Review: Last Stop on Market Street

Last Stop on Market StreetLast Stop on Market Street

Written by Matt De La Peña

Illustrated by: Christian Robinson

JP Putnam Sons for Young Readers; 2015, Hardcover

Target Audience: Ages 5-9

Genre: Fiction

Theme: Urban Living, Perspective, Gratitude

How We Discovered This BookLast Stop on Market Street won the 2016 Newbery Medal, and was a Caldecott Honor Book and Coretta Scott King Illustrator Honor Book. With all the talk about this book, we had to check it out.

Summary: Young CJ and his Nana take the bus from church across their city. CJ has many questions, and his Nana provides him with insightful and creative answers. Their conversation continues until they reach their final destination, which provides even more context for their blessings.

What I Liked: I haven’t read many books like this – focused truly on urban living and seeing the beauty in everything around you. The author captures CJ and his Nana’s personalities clearly through carefully chosen dialogue and specific speech patterns. I can almost hear their voices.

What Did My Kids Think? They liked the story, and the author manages to make CJ endearing rather than whiny. My children have never lived in a city, so it was interesting for them to imagine someone else’s life where they don’t own a car and they interact with a wide cross-section of people.

Resources:

 

Take a field trip into your nearest city. Make it a point (or even a scavenger hunt) to find all the things that are different from where you live. Now look for the things that are the same.

The Classroom Bookshelf site has activities related to this book for kids of varying age groups, focused on imagery, special people in your life, beauty, and sharing stories.

Identify ways that you can interact more deeply with your community. Join a book group, volunteer at a soup kitchen, or even just strike up a conversation with someone at the park.

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Review: Trombone Shorty

Trombone Shorty
Trombone Shorty

Written by Troy Andrews

Illustrated by Bryan Collier

Harry N. Abrams Books for Young Readers; 2015, Hardcover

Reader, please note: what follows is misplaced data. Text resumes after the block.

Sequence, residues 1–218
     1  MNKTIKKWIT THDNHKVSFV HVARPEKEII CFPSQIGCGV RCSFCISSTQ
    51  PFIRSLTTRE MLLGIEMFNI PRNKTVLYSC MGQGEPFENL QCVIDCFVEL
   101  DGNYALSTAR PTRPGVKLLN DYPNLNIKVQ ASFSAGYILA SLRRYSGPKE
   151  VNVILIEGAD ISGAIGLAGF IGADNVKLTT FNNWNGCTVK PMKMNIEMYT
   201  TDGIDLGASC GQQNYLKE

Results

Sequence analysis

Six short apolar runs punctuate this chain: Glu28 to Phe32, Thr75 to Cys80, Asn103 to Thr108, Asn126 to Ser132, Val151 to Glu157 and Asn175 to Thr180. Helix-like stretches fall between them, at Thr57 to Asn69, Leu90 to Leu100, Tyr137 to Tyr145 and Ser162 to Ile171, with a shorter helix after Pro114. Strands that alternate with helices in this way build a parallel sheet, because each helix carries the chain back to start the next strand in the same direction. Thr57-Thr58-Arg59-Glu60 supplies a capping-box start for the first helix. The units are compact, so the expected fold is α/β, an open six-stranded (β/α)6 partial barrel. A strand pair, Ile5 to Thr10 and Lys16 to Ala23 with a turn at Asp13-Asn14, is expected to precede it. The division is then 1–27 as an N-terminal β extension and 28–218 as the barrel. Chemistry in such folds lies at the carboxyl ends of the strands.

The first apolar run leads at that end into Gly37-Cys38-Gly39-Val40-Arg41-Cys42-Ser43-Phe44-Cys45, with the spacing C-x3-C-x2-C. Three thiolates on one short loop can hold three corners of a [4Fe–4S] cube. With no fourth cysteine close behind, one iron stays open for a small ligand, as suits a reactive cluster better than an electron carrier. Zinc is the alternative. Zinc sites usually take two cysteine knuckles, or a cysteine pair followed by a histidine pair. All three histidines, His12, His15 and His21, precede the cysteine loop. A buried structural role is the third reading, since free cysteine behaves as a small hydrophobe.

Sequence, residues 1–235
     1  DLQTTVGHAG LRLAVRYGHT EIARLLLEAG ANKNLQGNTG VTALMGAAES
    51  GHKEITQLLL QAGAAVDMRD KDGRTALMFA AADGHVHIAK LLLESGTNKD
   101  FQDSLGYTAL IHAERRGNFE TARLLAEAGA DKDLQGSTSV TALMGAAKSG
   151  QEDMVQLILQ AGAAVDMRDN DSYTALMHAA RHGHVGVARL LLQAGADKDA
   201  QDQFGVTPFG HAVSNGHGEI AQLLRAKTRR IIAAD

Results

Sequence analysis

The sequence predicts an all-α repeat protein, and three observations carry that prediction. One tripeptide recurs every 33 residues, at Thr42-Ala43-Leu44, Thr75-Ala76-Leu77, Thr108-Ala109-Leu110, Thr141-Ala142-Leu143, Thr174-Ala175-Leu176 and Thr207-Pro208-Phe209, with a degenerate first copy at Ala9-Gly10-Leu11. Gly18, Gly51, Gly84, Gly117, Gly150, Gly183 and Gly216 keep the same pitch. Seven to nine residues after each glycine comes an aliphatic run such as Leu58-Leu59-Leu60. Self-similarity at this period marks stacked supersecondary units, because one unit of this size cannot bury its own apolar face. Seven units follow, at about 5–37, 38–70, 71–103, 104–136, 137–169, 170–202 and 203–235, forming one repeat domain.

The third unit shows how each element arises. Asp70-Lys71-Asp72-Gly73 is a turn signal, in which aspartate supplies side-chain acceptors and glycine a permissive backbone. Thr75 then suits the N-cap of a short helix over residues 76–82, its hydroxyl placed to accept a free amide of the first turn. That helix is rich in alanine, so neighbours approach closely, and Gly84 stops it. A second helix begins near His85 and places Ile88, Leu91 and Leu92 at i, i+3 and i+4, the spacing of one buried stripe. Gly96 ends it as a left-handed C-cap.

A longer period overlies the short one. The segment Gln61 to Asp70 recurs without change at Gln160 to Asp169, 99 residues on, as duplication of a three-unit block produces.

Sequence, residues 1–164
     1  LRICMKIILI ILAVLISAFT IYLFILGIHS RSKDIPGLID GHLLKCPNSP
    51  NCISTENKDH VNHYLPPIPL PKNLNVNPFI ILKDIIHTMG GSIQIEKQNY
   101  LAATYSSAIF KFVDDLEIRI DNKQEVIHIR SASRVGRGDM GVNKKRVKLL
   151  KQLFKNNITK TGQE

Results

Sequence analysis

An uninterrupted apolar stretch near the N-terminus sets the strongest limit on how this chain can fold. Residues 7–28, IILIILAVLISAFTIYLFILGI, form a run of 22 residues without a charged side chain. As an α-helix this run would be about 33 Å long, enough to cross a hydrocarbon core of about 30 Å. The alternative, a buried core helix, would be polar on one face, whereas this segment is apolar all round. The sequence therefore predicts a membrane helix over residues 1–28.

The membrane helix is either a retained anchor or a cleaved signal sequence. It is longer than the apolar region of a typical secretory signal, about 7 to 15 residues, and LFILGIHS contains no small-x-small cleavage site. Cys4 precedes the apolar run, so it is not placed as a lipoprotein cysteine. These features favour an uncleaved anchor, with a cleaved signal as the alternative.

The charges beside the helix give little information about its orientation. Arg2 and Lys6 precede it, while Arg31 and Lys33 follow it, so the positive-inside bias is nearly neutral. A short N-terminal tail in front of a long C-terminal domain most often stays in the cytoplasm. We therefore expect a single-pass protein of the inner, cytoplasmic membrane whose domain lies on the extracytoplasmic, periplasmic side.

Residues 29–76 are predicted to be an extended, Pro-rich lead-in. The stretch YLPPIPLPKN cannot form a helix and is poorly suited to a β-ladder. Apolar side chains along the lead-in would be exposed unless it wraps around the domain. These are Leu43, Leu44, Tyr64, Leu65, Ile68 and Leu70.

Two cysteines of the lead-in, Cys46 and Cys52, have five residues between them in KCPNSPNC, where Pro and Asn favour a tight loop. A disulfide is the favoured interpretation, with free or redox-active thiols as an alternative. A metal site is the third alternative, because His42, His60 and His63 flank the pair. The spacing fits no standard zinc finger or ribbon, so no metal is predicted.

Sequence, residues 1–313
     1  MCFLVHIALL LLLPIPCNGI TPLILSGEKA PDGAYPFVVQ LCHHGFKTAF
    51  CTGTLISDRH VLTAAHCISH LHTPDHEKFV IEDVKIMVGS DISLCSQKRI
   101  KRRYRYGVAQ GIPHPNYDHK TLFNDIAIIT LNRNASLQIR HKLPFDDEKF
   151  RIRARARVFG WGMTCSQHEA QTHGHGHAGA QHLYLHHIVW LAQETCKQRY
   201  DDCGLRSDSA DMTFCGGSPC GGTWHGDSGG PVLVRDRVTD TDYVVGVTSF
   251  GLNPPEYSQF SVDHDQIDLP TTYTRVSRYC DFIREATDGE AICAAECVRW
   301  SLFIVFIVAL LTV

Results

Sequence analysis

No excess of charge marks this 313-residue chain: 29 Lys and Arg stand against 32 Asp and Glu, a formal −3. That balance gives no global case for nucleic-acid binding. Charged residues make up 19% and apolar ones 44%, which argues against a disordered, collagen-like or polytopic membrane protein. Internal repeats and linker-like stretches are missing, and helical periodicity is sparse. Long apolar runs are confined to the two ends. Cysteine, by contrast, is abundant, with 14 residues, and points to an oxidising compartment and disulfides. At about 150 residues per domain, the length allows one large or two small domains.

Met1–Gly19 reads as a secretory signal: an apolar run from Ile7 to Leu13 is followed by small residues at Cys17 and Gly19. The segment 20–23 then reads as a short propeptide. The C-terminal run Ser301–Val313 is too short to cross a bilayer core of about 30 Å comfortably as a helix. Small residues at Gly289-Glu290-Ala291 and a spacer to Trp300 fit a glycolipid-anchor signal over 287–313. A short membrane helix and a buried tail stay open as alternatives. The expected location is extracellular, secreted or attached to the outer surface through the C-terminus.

Target Audience: Ages 5-9

Genre: Non-Fiction

Theme: Having a dream, Persistence, Overcoming obstacles

How We Discovered This Book: I requested several books from our library from this year’s ALA Awards list. This is a Caldecott Honor Book and the winner of the Coretta Scott King Award.

Summary: A young boy growing up in the Tremé neighborhood of New Orleans doesn’t have money to buy an instrument, but he loved music. He and his friends made instruments out of whatever they could find. One day, he found an old trombone, and taught himself to play. He became known as “Trombone Shorty” because the trombone was twice his size. He played throughout his neighborhood, with his own kid band, and one day was pulled from the crowd at the New Orleans Jazz & Heritage Festival to play with Bo Diddley.

What I Liked: I’m on record as not being a big fan of non-fiction books, but this kind of interesting storytelling and visual imagery is winning me over. This is a true story, written by Troy “Trombone Shorty” Andrews himself. It is inspirational, demonstrates the hard work he put into his craft, and all of the influences on him including his town and his mother. The illustrations are creative – a combination of paintings and photographs. The illustrator uses an interesting method of overlaying faded sections to draw attention to the main focus of each panel – usually Trombone Shorty.

What Did My Kids Think? They enjoyed his story, and wanted me to read all the way through the author’s notes. We even went on YouTube to hear some of his music (see below).

Resources:

 

Make your own instruments at home!

Watch Trombone Shorty in action with his band, Trombone Shorty & Orleans Avenue.

Learn more about the Trombone Shorty Foundation, and its work to promote music to the next generation, especially those in New Orleans.